New research casts doubt upon effectiveness of fluoridation in water
Consuming fluoridated water doesn't prevent cavities, according to a new report, because fluoride is claimed to reduce tooth decay after, not before, teeth grow in.
By Sylvie Dale
NEW YORK, Oct. 2, 2001 — A coalition opposed to fluoridation of water supplies claims a new report invalidates the U.S. Centers for Disease Control recommendation to extend fluoridation programs.
The CDC recommends adding fluoride to drinking water as a safe and effective way to prevent cavities.
But a new report put out by the CDC Aug. 16 shows consuming fluoridated water doesn't prevent cavities because fluoride is claimed to reduce tooth decay after, not before, teeth erupt. The N.Y.S. Coalition Opposed to Fluoridation is taking this information as encouraging evidence that water suppliers may want to stop fluoridating the water.
For decades, medical groups and government agencies assured legislators and media that children need to swallow small amounts of fluoride daily, so their still-developing permanent teeth, forming under the gums, would eventually emerge with a fluoride shield to resist tooth decay. This belief launched water fluoridation in 1945.
New findings show that fluoride works primarily after teeth have erupted, according to dentists/authors of "Recommendations for Using Fluoride to Prevent and Control Dental Caries in the United States," a report released by the CDC on August 16.
Even though fluoride in saliva bathes teeth post-eruptively, the report showed, this level is too low to prevent tooth decay. The report also said it's unclear whether fluoride reduces the activity of Streptococcus mutans, the bacteria that, some believe, causes cavities. However, fluoride does build up in dental plaque.
"But dentists instruct us to brush off plaque twice-a-day and, professionally, twice-a-year," says attorney Paul Beeber, President, N.Y.S. Coalition Opposed to Fluoridation. "Swallowed fluoride doesn't incorporate into developing enamel, doesn't kill decay-causing microbes and doesn't reach levels high enough in saliva to reduce tooth decay. So basically, fluoridation is useless," says Beeber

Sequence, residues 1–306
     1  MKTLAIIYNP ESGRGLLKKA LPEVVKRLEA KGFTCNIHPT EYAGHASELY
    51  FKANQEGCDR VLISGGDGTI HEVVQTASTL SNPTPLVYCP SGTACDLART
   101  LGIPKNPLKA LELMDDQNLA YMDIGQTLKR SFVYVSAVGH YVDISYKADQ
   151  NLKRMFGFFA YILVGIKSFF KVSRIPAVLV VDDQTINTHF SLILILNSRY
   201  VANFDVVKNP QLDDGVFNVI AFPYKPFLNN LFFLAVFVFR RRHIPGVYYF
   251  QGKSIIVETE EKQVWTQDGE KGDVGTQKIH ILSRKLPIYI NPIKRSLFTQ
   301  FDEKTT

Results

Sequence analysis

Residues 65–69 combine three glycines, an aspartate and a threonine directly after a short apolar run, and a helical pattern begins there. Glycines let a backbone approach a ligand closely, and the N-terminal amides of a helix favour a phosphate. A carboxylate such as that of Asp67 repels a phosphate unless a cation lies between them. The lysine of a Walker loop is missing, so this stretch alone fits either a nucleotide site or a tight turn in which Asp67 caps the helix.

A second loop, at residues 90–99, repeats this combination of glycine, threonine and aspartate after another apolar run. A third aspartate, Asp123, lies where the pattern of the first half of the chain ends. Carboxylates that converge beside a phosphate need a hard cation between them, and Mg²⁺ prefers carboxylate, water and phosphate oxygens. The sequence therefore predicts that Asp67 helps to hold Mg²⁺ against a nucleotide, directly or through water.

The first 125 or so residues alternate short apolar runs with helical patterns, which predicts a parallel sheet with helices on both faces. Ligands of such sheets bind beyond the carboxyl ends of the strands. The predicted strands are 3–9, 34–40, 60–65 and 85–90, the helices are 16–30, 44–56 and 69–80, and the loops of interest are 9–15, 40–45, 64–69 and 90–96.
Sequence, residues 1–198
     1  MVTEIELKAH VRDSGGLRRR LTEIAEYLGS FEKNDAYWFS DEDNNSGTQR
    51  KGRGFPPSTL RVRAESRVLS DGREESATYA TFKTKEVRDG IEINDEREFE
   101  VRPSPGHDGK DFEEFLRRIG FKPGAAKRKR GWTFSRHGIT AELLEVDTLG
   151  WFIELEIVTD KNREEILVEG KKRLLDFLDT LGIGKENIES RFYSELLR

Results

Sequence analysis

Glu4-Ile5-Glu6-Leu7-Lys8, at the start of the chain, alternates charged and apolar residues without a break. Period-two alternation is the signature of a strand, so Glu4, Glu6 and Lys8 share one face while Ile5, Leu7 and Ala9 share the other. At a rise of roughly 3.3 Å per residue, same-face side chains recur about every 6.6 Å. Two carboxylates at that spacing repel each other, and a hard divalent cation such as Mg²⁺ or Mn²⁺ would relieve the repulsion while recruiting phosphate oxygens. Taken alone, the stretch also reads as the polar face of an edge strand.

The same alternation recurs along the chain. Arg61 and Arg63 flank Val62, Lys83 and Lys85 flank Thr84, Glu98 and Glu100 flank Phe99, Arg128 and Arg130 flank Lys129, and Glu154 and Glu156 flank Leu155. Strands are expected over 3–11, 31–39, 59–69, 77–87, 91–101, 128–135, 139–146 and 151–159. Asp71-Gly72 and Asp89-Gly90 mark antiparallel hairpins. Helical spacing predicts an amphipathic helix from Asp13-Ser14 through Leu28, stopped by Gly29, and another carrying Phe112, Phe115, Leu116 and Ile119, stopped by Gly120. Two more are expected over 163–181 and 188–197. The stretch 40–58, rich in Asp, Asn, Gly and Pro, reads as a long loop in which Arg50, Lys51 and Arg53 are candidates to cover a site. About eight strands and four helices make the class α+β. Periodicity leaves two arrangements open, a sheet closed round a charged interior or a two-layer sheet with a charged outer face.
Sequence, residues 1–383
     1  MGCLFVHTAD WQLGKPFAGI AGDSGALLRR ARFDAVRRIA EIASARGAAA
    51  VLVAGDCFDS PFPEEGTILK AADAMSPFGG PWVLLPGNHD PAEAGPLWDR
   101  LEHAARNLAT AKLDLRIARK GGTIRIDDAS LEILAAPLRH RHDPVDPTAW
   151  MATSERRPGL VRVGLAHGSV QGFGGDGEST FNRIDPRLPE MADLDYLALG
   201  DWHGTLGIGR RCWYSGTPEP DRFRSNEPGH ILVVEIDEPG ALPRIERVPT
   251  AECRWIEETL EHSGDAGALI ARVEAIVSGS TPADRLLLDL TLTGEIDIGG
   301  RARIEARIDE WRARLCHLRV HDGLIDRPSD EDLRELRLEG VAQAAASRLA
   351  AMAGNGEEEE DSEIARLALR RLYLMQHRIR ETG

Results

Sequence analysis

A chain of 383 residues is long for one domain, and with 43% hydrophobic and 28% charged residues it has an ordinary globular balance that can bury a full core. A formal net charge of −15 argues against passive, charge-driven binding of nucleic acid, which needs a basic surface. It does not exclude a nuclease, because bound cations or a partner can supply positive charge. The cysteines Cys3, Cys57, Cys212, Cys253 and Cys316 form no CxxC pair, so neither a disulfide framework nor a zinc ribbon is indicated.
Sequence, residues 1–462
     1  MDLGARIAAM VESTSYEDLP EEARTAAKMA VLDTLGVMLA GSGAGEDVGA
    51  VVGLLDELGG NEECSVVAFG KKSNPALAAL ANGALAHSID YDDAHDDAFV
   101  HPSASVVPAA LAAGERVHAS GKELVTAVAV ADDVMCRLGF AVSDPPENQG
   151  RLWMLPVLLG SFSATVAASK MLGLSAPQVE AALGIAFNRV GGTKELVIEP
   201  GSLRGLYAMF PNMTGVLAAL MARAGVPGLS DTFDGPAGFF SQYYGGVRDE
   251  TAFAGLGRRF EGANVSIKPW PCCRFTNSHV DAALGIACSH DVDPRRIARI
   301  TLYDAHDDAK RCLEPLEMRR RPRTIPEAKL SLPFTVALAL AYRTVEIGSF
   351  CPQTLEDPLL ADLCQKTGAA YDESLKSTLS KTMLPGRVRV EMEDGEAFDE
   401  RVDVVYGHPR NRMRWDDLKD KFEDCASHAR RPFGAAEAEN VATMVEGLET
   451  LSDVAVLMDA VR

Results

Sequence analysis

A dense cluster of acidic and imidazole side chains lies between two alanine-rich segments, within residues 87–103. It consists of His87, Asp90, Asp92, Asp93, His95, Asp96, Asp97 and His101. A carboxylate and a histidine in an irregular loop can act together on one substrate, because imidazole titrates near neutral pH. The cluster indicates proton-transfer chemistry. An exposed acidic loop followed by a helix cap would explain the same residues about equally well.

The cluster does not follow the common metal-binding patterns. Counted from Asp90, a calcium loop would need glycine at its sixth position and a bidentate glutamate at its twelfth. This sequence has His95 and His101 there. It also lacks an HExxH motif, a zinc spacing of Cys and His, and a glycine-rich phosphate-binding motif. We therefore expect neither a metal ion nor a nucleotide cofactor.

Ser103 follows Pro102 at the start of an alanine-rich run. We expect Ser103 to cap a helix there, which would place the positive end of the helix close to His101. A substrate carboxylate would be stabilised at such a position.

The Environmental Protection Agency said fluoridation chemicals used by over 90% of fluoridating communities, silicofluorides, have never been tested for safety.
"The switch to silicofluorides about 50 years ago (from sodium fluoride) may have been an enormous mistake," said Roger Masters (Dartmouth Professor and President, Foundation for Neuroscience & Society) and Myron Coplan (chemical engineer, Intellequity Consulting), who have published extensively on the effects of these chemicals.
Summarizing their work, Masters says, "where silicofluorides are in use, there are higher rates of behavioral problems that have been linked to lead toxicity (including hyperactivity and other learning disabilities, substance abuse, and violent crime)."
Masters/Coplan further criticize CDC for not naming the fluoride compounds used for fluoridation while naming all fluorides used in other dental products.
The American Dental Hygienists Association has the full text of the report at http://www.adha.org/profissues/cdc_fluoride_guidelines.htm.
For more information from the N.Y.S. Coalition Opposed to Fluoridation, visit the organization's web site at http://www.orgsites.com/ny/nyscof/.
For more information from the CDC, visit its web site at http://www.cdc.gov/nccdphp/oh/new.htm.
For more information from the EPA, visit the EPA's web site at http://www.epa.gov/safewater/pws/pwss.html.